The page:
Green Line

Residents get important Green Line updates at public meeting

GLXWorkingGroup_020516The Green Line Extension Working Group met yesterday for the first time in a long time, getting updates from the head of the MBTA and the interim project manager of the GLX. Despite the snow, about 100 residents joined the meeting in support of the project. A few highlights:

  • The goal of the new project team is to try to reduce the scope of the GLX in order to bring it back down to the $2 billion currently budgeted. (Here’s the team.)
  • John Karn of ARUP summarized the areas being explored to cut costs (view the presentation), including:
    • Lowell cross section: slim down the right-of-way area and potentially cut the Community Path (something STEP finds unacceptable).
    • Stations: redesign stations to be “smaller, more spartan but functional,” which STEP supports. Unfortunately, that might also include redesigning station access and egress, which could negatively impact the Community Path.
    • Union Square: consider alternatives for this stop, such as a commuter rail stop or bus service – not at all acceptable.
    • Viaducts: reduce their size, mass, and number (which might also include cutting the Community Path).
    • Maintenance facility: make it much smaller and simpler.
    • Schedule/productivity: work off-peak hours and shut down the commuter rail to save time and money.
  • We finally got to see cost estimates for various components of this project, including Lechmere station ($72 million in contractor bid), Union Square station ($40M), Washington station ($50M), and more. (Here’s the detailed spreadsheet.)
  • There will be multiple public meetings to involve the community in this process between now and May, when the team’s report is due to the MBTA Fiscal and Management Control Board (FMCB). (Here’s their schedule.)

Below are detailed notes from our friends at MGNA


This was the first Working Group meeting since the project was put on pause due to the projected cost escalation, and a new project team was installed to fully re-examine the project to determine whether it still will be built, and in what form. Chairperson Doug Carr said the Working Group was eager to be engaged in the process and offer its input and expertise, noting that many of the members have been involved with the project for 10 years or longer.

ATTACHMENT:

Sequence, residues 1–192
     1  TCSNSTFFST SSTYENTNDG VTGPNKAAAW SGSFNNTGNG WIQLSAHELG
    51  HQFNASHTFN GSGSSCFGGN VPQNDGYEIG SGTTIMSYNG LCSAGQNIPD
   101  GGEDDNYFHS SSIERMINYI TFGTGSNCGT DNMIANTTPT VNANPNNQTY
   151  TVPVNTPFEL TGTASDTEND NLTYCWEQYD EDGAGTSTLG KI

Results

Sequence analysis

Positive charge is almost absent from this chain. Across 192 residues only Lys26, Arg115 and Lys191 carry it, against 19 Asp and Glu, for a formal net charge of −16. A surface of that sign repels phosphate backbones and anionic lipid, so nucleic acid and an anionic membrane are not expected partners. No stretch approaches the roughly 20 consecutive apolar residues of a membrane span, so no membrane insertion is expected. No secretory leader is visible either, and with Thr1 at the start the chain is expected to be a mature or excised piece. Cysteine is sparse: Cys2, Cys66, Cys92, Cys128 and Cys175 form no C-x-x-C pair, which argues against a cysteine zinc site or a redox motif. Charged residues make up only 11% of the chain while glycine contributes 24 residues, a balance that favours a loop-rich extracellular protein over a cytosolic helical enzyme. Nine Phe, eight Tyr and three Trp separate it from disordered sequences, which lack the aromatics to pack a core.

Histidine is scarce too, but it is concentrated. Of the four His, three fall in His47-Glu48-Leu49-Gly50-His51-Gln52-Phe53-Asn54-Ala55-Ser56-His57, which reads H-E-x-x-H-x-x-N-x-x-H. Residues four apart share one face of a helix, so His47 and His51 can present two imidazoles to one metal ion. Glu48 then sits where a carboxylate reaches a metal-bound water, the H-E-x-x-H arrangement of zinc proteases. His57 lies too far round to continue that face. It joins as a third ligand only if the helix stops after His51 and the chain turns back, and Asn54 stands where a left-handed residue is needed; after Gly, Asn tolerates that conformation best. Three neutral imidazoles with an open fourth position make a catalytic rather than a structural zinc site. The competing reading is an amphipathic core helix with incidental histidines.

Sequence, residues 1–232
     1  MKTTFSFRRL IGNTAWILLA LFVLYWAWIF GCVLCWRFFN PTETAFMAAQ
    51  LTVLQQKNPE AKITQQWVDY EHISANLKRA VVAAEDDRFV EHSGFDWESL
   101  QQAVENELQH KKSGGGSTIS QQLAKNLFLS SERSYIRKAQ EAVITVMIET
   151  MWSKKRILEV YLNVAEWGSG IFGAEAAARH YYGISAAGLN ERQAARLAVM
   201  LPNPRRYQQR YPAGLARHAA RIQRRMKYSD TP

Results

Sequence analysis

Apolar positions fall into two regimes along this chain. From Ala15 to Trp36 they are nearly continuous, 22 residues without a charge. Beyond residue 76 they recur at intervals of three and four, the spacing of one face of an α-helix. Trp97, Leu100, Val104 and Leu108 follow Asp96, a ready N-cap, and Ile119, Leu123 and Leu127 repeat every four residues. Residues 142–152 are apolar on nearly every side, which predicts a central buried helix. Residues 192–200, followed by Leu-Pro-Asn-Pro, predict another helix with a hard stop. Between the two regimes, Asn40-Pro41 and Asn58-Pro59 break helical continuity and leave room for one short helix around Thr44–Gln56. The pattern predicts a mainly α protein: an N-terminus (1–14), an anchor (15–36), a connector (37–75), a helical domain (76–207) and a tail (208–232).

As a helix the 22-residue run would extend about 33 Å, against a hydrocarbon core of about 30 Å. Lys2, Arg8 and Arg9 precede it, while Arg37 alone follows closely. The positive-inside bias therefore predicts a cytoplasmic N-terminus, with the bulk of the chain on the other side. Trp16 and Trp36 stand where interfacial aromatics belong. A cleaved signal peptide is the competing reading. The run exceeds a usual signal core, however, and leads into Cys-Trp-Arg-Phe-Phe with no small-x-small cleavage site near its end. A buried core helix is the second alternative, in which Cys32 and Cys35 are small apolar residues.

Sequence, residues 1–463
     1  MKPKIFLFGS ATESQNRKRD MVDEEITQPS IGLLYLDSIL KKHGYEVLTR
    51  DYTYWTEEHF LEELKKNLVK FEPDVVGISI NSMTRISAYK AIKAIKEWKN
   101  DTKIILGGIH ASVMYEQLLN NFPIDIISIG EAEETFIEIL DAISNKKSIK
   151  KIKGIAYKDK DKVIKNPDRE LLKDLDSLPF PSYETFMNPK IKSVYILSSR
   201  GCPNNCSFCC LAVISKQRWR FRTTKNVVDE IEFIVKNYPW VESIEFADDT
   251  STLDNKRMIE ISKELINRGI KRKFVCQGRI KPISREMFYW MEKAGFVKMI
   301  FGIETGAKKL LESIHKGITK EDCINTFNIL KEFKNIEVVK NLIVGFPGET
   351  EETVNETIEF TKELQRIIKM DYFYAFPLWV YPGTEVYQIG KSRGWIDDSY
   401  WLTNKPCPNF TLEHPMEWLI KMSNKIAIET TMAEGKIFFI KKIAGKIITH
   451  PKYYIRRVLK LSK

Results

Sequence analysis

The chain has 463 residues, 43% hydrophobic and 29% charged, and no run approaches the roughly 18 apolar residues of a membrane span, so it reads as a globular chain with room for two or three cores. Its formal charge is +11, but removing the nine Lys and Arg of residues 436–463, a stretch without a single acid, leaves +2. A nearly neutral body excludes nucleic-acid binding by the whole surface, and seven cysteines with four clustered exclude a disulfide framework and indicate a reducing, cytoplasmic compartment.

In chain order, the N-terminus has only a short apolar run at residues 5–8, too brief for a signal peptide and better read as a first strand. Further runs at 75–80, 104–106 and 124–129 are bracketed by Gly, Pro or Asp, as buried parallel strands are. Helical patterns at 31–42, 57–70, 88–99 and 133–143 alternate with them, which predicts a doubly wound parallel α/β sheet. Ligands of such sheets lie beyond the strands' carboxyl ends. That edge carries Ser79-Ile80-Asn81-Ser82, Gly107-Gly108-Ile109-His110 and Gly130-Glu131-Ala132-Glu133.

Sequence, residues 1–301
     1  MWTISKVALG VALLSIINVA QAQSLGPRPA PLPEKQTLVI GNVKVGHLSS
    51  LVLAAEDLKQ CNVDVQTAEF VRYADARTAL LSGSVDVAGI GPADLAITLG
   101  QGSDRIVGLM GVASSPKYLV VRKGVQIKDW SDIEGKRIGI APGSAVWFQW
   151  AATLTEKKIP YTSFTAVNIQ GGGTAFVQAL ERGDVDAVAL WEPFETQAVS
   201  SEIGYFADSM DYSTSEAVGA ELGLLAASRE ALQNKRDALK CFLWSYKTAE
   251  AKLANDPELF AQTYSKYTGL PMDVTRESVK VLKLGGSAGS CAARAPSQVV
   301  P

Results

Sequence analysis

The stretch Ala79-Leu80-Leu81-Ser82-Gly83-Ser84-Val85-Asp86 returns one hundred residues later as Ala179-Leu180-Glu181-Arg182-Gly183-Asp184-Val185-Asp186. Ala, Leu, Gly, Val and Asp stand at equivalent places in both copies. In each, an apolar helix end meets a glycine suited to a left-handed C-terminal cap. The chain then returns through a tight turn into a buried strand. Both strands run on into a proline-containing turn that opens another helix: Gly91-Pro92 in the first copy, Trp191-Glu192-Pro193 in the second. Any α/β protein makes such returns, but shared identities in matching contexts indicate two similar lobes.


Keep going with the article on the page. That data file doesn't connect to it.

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Green Line

Green Line public meeting this Friday!

The Green Line Extension Project Working Group will meet this Friday morning from 10-12 to hear from the state:

  • Where things stand right now, including next steps and timelines
  • Preliminary redesign concepts – an early peek at some of the options they’re exploring to bring down costs
  • Project budget overview

Please come to show support for the Green Line! There will be time for public comment, so make sure your voice is heard as we fight for a Green Line Extension will full functionality to serve our community. Meeting details.

If you want to catch up with the key documents before the meeting, here are some highlights:

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Green Line

Congressman Capuano warns against cutting Green Line too much, losing federal funding

“Green Line project cuts could threaten federal funding, Capuano says” (Boston Globe)

Capuano“Congressman Michael Capuano said that if the state cuts the proposed Green Line extension too deeply it could threaten the project’s nearly $1 billion in federal funding.

‘Any changes to the Green Line that would jeopardize federal money are unacceptable as far as I am concerned,’ Capuano said in an interview Tuesday.”

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Green Line

Editorial: “We’ve already paid for the GLX”

By William C. Shelton